FWA in the USA: Getting ready for Phase 2 – Light Reading

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Millions of new fixed wireless access (FWA) customers at Verizon and T-Mobile haven’t affected the performance of the operators’ respective 5G networks, according to new findings from network-monitoring company Opensignal,

“Despite adding more than eight million 5G FWA subs using 400+ GB per month of data since Q1 2021, the overall mobile network experience on T-Mobile and Verizon’s mobile networks has not been compromised,” Opensignal analyst Robert Wyrzykowski wrote in the firm’s new assessment of FWA technology.

Network speeds at T-Mobile and Verizon. (Source: Opensignal)

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Opensignal monitors wireless network performance through apps running on users’ phones, which can collect measurements via both user-initiated tests and automated tests.

In its new report, Opensignal found that areas in the US with a larger number of FWA customers actually showed better networking performance than areas with fewer FWA customers. Meaning, Verizon and T-Mobile offered increasingly speedy connections even in geographic locations with higher concentrations of FWA users.

“We would expect low-FWA penetration areas to see better mobile and FWA performance because of less load on the network. However, our data demonstrates the opposite trend,” Wyrzykowski explained.

Other Opensignal findings: Around 6% of urban Internet customers subscribe to FWA; in rural areas that figure is 7%. Some 74% of FWA customers pay less than $75 per month for their services. And 35% of FWA customers are between 18-34 years old, whereas that age range is 25% for cable.

Opensignal’s findings provide an important view into the FWA industry in the US as its subscriber growth begins to slow. For example, T-Mobile added 405,000 FWA customers during the first quarter, far less than the 541,000 FWA customers it added during the fourth quarter of 2023.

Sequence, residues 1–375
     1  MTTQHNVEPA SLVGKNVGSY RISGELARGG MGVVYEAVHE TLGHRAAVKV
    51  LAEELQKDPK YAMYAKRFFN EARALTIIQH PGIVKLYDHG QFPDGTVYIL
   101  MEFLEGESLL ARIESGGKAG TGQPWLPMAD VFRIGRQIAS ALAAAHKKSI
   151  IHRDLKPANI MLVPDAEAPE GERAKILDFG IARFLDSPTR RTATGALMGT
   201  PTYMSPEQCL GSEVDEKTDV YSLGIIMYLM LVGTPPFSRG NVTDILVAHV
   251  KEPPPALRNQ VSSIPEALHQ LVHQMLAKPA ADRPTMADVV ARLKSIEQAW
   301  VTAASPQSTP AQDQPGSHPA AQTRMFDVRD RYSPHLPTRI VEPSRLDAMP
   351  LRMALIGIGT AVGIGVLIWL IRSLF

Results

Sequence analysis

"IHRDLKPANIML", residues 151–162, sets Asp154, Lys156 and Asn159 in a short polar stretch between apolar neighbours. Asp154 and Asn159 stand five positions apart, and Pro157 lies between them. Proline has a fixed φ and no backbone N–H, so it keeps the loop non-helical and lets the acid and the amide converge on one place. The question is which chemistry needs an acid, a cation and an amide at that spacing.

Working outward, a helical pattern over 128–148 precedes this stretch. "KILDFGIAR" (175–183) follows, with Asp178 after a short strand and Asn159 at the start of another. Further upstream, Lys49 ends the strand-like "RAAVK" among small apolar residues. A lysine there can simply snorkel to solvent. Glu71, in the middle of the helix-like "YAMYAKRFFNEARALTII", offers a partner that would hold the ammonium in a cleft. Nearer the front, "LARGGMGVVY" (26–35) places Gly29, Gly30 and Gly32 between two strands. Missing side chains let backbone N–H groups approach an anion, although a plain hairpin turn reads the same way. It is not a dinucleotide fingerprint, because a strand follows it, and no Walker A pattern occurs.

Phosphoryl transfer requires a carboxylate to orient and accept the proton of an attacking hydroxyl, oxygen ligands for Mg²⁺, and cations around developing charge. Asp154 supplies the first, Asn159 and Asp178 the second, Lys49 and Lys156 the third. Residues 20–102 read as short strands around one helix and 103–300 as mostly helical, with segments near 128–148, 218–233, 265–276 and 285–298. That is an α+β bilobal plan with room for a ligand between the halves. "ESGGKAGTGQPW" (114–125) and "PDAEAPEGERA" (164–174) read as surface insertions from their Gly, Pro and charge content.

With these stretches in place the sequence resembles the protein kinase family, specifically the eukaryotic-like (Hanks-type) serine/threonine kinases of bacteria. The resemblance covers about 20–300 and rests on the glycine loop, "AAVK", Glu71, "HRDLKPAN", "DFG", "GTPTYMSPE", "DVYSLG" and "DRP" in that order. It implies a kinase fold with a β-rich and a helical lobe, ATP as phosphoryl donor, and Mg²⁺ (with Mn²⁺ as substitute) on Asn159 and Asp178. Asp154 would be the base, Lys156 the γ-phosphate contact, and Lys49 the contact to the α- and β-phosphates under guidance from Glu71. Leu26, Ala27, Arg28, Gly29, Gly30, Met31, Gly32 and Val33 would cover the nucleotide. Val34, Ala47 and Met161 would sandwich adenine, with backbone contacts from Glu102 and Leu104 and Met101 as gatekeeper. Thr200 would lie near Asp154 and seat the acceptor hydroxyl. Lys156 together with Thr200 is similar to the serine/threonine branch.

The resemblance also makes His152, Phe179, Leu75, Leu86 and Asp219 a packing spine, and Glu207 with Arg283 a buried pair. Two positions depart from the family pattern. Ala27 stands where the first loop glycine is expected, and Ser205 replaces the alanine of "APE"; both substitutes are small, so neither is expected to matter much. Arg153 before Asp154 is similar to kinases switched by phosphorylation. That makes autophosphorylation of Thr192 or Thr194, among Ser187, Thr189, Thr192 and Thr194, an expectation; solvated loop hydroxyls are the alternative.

However, that slowdown is happening just as AT&T is beginning to ramp up its own 5G FWA offering. And both AT&T and T-Mobile recently fleshed out their FWA offerings for business customers: T-Mobile through a new partnership with Ericsson’s Cradlepoint and AT&T through one with with Cisco.

Ongoing threat to cable

“5G FWA services have been on a dramatic growth trajectory in the US, absorbing all broadband subscriber growth in the market since mid-2022 and amassing more than 600-700 thousand net adds per quarter,” wrote Opensignal’s Wyrzykowski. “This is despite the USA being a mature broadband market with nearly 97% broadband adoption and modest household growth.”

Indeed, the nation’s cable companies have recorded historic declines in their core Internet businesses amid the growth of FWA in the US.

The financial analysts at TD Cowen predict the US cable industry will collectively lose more than half a million customers in the second quarter of this year. They attribute that decline to FWA competition as well as other factors including the end of the US government’s Affordable Connectivity Program (ACP).

The situation for cable might get even worse if FWA providers like T-Mobile and Verizon decide to invest further into their fixed wireless businesses.

“The pain for cable may continue for longer than expected as the ability for cable to return to broadband subscriber growth may take longer (if ever),” wrote the TD Cowen analysts in a recent note to investors.

Others agree. For example, the analysts at S&P Global wrote that cable service providers in general have been losing value to wireless network operators despite cable’s efforts to bundle mobile services into cable offerings.